PROPERTY INSURANCE

If the loan is secured by personal property, the creditor can require that the property be insured. You must be able to select your own insurance. If the creditor has insurance available, they must give you the cost of the premium and the term of the insurance.


If you get your own insurance, you must be sure the insurance shows a loss payee to the creditor and that the creditor gets a copy of the original insurance policy and a copy of renewals of the policy.
If the creditor does not receive proof that the property is insured, they can secure insurance and add it to your account along with finance charges on the premium. The cost of the insurance placed by creditors is usually more expensive then insurance that you could secure.

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The Indiana Department of Financial Institutions, Division of Consumer Credit has many other credit related brochures available, such as:
Answers to Credit Problems

Applying for Credit

At Home Shopping Rights

Bankruptcy Facts

Buried in Debt

Car Financing Scams

Charge Card Fraud

Choosing A Credit Card

Co-Signing

Credit and Divorce

Credit and Older Consumers

Deep in Debt?

Equal Credit Opportunity

Fair Credit Reporting

Fair Debt Collection

Gold Cards

Hang up on Fraud

High Rate Mortgages

Home Equity Credit Lines

How to Avoid Bankruptcy

Indiana Uniform Consumer Credit Code

Look Before you Lease

Mortgage Loans

Repossession

Reverse Mortgage Loans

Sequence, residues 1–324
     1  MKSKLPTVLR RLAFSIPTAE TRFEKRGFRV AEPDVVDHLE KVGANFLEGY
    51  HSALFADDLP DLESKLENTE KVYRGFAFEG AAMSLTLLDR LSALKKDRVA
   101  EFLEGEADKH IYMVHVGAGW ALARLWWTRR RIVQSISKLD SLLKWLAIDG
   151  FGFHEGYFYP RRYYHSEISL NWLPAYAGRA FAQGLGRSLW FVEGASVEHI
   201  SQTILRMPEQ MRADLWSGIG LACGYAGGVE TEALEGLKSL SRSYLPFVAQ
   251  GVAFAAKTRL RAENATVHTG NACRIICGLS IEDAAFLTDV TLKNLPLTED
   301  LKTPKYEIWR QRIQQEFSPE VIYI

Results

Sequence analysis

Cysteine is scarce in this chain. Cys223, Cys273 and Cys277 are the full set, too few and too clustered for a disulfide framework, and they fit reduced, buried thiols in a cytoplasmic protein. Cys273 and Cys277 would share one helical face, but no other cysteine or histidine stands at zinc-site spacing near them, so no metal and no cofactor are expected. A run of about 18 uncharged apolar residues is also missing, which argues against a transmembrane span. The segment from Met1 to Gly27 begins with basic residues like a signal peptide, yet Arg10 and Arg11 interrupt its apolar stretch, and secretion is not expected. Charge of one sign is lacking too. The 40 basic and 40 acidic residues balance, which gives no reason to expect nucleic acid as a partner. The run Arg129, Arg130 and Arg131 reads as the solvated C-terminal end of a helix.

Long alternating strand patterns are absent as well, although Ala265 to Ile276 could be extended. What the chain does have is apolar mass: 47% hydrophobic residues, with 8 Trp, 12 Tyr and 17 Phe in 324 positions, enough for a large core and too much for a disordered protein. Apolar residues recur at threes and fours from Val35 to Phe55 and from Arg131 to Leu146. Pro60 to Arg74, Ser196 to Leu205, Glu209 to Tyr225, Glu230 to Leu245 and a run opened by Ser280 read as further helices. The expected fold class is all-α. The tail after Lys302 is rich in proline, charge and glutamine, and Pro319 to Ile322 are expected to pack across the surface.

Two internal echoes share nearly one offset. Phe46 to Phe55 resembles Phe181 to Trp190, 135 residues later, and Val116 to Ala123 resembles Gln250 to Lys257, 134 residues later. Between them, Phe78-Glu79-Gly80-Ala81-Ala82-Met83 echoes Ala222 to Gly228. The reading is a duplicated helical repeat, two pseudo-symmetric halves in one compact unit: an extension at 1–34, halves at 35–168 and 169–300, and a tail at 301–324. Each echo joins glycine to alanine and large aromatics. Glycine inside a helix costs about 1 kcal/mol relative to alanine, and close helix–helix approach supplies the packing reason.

Rule of 78s – What is it?

Scoring for Credit

Shopping for Credit

Using Credit Cards

Variable Rate Credit

What is a Budget?

What is the DFI?


Call our toll-free number or write to the address on the cover for a copy of any of the brochures listed or for further consumer credit information.





CREDIT

INSURANCE

CREDIT LIFE



CREDIT DISABILITY
UNEMPLOYMENT



DEPARTMENT OF FINANCIAL INSTITUTIONS


Consumer Credit Division

30 South Meridian Street, Suite 300

Indianapolis, Indiana 46204

317-232-3955

1-800-382-4880



How Much Credit Obligation Should we Incur?

Every once in a while some writer comes up with a formula to guide a family in determining what percentage of its income should go for rent and other necessities and finally what percentage of the weekly or monthly paycheck can be set aside safely to meet installment or credit commitments. The more we study these hard and fixed tables or formulas, the more sure we are they are practically useless except as a rule-of-thumb guide.


The only sure-fire way to determine how much it is safe to obligate ourselves to pay is first to learn how to make up an accurate, sensible personal or family budget.
While many a family that has never made a budget is using credit to full satisfaction and paying all accounts just as agreed upon, it is extremely good training in financial management to know by experience how to budget.
Budgets help you to know how much is left after paying the house payment, utilities, food, clothing, gas, etc. You can then determine if you can buy that new car or furniture and be able to afford the monthly payment.
Our own carefully planned budget will tell us, as no set formula ever could, how much we can safely pay each month for installment credit. See our brochure What is a Budget?

What Should the Down Payment be?
After you have decided you can afford to make a purchase on credit, you will have to decide how much you have available to make as a down payment. The best thing to do is to make as substantial a down payment as possible without upsetting the family's budget. The larger the down payment, the smaller the unpaid balance and the finance charge will be.
There is, however, no purpose in making a down payment so large that it robs the food budget or makes it difficult to meet the next regular monthly payment when it comes due. It would be better to make a small down payment on a purchase than to borrow money to make a larger deposit. Here nothing would be accomplished except to muddy the waters with the problem of repaying the loan as well as making payments on the installment contract.